It’s fairly obvious that I love Scratch, the icon-based programming language developed by MIT. It’s a fabulous way for kids to dip their toes into learning about computer programming and computer science principles.
I’ve been using it for almost 4 years and each time I mess around with it, I learn something new. In the beginning, we use it creatively – as it was intended to be used. We start with a few blocks and see what we can make. I do some guided learning, but there’s a lot of choice and a focus on enjoying the language.
Then, we start moving into deeper and deeper concepts – variables, sending messages and conditional statements, etc. But, there still has to be an emphasis on being creative, flexible and offering a somewhat open-ended project.
Animated Volcano in Scratch
Typically, the second lesson I demonstrate deals with animation. We choose a background, change it slightly (the color of the lights, add a disappearing item, etc.) and then apply the following program:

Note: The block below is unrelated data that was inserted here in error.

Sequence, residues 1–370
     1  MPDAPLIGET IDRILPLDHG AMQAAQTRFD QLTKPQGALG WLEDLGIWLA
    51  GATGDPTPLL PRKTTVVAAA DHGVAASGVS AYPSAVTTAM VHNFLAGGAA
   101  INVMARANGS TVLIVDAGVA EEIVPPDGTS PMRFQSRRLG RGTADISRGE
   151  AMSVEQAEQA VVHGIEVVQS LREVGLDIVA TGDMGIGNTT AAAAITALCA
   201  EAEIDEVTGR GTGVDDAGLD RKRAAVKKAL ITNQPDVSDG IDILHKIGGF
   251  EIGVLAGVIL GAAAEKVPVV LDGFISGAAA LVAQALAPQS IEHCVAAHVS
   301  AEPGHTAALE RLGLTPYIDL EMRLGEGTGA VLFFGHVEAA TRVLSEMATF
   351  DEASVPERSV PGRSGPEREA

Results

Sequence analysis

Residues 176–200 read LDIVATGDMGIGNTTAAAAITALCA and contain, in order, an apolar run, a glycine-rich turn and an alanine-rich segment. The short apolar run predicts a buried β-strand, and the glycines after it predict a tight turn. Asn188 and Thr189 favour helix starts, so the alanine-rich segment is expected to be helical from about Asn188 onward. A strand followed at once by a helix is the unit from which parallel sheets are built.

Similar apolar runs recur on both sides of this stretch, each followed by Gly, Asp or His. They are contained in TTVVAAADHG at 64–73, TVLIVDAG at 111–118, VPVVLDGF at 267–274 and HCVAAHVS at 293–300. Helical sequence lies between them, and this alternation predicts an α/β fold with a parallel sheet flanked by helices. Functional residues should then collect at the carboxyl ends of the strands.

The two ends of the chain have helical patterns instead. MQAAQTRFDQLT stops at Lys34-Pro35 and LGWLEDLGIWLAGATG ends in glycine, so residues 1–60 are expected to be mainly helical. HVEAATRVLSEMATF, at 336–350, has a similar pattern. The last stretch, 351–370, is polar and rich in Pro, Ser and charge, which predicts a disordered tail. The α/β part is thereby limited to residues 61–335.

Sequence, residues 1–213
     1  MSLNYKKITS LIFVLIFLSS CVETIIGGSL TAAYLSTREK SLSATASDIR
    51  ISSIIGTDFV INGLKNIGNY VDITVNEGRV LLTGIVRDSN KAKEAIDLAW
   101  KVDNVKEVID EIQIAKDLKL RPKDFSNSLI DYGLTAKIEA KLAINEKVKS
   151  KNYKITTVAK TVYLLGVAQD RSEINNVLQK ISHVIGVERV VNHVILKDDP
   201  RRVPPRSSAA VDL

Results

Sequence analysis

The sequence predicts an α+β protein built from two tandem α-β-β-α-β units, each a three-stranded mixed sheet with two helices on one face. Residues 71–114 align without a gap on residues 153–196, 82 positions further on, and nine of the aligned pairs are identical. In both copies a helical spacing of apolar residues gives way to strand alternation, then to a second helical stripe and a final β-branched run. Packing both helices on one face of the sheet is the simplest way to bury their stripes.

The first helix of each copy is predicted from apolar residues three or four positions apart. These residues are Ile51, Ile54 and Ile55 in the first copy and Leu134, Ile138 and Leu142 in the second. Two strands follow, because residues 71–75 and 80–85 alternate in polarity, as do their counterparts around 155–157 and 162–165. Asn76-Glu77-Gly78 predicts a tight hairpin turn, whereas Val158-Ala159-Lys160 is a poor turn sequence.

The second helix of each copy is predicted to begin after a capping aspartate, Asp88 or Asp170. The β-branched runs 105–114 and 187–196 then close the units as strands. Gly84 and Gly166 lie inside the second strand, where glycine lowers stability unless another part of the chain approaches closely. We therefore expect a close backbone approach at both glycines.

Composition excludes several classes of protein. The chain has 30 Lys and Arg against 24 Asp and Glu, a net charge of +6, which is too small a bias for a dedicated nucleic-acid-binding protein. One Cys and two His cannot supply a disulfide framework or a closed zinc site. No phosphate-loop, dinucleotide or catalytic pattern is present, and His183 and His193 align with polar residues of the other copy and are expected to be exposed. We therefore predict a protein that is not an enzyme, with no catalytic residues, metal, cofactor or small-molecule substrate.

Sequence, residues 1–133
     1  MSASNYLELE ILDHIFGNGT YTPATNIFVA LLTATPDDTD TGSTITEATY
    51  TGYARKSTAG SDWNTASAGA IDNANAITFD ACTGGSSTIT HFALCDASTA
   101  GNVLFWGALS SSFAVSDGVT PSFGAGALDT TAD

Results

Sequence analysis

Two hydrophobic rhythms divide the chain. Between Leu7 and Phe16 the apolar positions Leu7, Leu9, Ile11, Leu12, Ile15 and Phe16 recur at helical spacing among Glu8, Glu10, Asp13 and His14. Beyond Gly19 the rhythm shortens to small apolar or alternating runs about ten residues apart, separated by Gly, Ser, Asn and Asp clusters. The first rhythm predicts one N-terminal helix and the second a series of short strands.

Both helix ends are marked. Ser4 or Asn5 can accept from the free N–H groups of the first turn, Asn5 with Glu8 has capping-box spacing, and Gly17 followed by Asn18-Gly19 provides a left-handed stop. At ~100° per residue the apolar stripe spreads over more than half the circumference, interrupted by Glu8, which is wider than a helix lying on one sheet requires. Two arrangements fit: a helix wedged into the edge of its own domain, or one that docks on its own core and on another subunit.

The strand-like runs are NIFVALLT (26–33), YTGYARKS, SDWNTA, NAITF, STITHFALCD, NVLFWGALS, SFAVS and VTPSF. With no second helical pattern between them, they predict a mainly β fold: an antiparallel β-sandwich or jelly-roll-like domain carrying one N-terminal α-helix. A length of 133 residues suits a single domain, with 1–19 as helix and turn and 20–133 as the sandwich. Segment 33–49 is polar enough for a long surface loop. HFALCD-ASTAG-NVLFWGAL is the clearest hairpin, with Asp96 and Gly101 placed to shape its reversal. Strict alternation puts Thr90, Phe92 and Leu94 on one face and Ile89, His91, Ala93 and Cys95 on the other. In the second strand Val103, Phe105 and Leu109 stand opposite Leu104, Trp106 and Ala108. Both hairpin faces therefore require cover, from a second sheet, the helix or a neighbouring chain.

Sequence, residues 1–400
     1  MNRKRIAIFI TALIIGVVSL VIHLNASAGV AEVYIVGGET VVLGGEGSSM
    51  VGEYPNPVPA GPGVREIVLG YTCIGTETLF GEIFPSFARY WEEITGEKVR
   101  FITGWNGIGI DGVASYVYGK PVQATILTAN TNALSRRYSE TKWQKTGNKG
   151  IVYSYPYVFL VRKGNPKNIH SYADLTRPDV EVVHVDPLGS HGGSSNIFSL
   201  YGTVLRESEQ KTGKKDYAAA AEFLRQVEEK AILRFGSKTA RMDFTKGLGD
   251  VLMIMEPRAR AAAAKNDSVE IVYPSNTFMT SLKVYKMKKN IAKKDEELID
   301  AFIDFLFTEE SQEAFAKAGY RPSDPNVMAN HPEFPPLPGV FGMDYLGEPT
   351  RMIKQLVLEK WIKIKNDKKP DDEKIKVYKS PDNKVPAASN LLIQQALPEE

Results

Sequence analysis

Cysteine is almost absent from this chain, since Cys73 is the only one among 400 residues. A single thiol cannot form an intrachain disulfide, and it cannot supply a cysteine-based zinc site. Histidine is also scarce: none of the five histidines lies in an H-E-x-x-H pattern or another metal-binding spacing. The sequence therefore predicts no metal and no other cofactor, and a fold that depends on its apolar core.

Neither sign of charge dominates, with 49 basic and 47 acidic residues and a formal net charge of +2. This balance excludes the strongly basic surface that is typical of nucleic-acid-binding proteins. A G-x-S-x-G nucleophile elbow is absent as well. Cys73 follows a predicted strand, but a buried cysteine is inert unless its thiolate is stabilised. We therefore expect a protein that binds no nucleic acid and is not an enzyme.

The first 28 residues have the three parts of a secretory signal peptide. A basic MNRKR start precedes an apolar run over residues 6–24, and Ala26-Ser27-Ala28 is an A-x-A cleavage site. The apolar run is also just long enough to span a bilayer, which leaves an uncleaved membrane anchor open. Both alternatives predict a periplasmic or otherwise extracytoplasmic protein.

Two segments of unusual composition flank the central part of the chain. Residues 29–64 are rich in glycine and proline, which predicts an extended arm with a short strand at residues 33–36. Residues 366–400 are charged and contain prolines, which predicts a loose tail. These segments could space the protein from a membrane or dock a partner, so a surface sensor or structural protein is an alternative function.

Many of them get the concept, though they don’t truly understand it until they try to make their own animation. It’s at that point that they realize the slight differences are what truly matters in animation.
That usually works for most of my ten-year-old and up students, but I needed a more thorough explanation for my newly minted seven-year-old. He has been begging (for over a year) to work with Scratch and I finally relented in January.
Storyboarding with Scratch
We did the above background animation, but it still wasn’t quite clicking, so I decided to start with a hand-drawn storyboard process. I went with an animated volcano in Scratch. That leaves a lot of personal choice options, but the key concepts remain the same.
I made a simple example and asked the younger kids to sketch out the various stages of a volcano. They were allowed ample time to view (and stop) my volcano program.
Once the steps were labeled, they set out making a different background (or sprite) with four different scenes – based on what they drew.
A simple introduction to storyboarding, and a way to keep the ‘creative’ in Scratch, not to mention a quick glimpse into how basic animation works. Creative programming at work!